Classification based on Control Systems
On the basis of the control systems adopted, robots are classified into the following categories :
(i) Point-to-point (PTP) control robot
(ii) Continuous-path (CP) control robot
(iii) Controlled-path robot

Point-to-Point (PTP) Control Robot
The PTP robot is capable of moving from one point to the other point. The locations are recorded in the control memory. The paths are not controlled by the path guide. Instead the desired path is traced by programming a series of points. Component insertion, spot welding, hole drilling, machine loading, unloading and crude assembly are some of the common applications of this type of robot.

Continuous-Path (CP) Control Point
The movement along the controlled path is performed by the CP robot. Along the controlled path, with CP control, the robot can stop any specified point. In the robot’s control memory, all the points must be stored explicitly. Straight-line motion is being carried out by these types of robots. Some continuous-path controlled robots also have the capability to follow a smooth curve path that has been defined by the programmer. Here, the programmer manually moves the robot arm through the desired path and the controller unit stores a large number of individual point locations along the path in memory.

Controlled-Path Robot
In controlled-path robots, the control equipment can develop paths of different geometry such as straight lines, circles, and interpolated curves with a high degree of accuracy. Good accuracy can be obtained at any point along the specified path. Only the start and finish points and the path definition function must be stored in the robot’s control memory. It is important to mention that all controlled-path robots have a servo capability to correct their path.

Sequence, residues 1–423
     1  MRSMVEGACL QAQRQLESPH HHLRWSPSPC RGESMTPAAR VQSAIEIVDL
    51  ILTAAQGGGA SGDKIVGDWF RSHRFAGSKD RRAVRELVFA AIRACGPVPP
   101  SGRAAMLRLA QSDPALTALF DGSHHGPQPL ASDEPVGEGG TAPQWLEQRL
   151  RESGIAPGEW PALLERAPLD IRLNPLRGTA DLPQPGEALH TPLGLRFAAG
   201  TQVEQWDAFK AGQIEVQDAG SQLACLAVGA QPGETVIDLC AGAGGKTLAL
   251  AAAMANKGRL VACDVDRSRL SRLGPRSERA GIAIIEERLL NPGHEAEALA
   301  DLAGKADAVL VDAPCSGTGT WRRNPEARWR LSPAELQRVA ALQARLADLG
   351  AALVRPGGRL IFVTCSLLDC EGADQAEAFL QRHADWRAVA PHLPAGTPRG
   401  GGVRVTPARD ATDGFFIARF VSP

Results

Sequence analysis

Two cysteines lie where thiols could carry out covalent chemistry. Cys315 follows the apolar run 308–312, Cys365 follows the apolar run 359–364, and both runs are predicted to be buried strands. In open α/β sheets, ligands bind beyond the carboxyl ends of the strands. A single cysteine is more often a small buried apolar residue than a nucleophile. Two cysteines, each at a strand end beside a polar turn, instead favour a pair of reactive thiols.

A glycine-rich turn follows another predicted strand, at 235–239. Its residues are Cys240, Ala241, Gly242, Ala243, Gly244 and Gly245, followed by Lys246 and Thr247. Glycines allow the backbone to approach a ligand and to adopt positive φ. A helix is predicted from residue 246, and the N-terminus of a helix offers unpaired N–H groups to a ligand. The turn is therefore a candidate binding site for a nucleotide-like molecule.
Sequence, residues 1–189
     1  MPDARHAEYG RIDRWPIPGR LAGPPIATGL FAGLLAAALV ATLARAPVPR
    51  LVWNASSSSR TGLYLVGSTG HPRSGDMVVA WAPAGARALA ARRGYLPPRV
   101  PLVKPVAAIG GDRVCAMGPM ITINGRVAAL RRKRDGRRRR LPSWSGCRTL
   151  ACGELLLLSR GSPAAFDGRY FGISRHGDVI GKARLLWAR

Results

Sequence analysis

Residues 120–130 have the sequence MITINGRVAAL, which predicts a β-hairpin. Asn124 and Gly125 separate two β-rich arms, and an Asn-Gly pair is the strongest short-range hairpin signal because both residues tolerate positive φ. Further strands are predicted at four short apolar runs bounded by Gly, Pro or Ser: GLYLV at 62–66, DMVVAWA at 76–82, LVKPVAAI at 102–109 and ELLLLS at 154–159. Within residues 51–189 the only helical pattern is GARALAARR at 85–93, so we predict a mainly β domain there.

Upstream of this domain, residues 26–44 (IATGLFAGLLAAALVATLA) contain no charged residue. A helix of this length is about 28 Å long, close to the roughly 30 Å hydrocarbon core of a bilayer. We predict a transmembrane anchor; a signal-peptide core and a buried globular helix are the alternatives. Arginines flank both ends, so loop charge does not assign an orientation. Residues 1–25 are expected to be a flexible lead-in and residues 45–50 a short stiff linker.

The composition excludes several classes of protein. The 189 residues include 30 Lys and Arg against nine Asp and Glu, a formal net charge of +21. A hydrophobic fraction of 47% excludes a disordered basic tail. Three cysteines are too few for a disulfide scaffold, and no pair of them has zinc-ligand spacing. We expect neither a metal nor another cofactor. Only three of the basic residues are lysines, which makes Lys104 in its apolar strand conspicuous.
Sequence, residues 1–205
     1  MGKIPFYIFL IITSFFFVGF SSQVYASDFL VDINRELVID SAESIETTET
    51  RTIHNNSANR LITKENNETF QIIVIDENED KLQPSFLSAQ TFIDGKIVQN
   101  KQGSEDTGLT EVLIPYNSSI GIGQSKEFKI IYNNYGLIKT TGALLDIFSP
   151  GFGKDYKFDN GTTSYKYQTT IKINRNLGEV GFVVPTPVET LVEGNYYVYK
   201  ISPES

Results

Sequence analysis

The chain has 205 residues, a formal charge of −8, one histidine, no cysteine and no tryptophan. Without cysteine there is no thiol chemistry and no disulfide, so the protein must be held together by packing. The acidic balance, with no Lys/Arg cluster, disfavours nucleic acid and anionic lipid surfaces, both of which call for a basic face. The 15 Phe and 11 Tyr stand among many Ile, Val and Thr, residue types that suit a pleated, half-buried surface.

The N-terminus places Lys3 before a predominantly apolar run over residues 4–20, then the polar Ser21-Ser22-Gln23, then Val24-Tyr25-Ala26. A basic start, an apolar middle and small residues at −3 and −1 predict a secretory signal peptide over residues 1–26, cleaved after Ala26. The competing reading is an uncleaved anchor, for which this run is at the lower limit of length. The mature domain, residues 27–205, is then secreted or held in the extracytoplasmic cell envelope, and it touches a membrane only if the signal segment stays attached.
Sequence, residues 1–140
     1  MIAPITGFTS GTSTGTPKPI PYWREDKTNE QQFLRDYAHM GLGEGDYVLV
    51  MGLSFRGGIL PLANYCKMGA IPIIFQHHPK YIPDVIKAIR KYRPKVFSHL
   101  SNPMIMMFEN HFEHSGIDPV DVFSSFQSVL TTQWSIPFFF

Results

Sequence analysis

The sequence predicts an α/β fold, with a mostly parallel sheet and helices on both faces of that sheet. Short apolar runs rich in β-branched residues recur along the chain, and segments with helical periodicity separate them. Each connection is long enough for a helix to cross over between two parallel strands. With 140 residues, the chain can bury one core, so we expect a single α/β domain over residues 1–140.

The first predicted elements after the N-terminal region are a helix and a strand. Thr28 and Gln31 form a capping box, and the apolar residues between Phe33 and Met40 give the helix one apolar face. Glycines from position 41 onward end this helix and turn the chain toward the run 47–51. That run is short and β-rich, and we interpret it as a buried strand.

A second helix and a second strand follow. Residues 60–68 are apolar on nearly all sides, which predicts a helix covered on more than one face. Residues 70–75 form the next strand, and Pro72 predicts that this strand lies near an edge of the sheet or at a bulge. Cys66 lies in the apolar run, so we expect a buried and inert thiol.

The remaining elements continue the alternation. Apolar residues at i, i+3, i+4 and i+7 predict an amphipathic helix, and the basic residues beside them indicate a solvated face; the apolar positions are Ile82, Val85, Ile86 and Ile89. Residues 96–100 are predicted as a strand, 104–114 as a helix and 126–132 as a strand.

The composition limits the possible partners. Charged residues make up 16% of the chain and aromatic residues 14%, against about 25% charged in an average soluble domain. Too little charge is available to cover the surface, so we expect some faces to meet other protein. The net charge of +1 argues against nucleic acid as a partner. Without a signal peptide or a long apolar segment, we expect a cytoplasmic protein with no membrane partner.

Read More : Types Of Industrial Robots -Robot ClassificationOpens in a new tab.

Robotic Applications in the Industry

Work environment is one of the several characteristics that should be considered when selecting a robot application. The hazardous characteristics of industrial work tend to promote the substitution of robots for human labour. Hence, robots are being used in a wide field of applications in industry. Currently, robots are mostly used in the field of manufacturing. The applications can usually be classified into following characteristics :
(i) Material handling
(ii) Processing operations
(iii) Assembly and inspection
Application of the robots in the industry must be technically and economically viable for the industry.

More Resources /articles
Robotics and Automation - Notes , articles , Interview Que & Ans
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Sachin Thorat

Sachin is a B-TECH graduate in Mechanical Engineering from a reputed Engineering college. Currently, he is working in the sheet metal industry as a designer. Additionally, he has interested in Product Design, Animation, and Project design. He also likes to write articles related to the mechanical engineering field and tries to motivate other mechanical engineering students by his innovative project ideas, design, models and videos.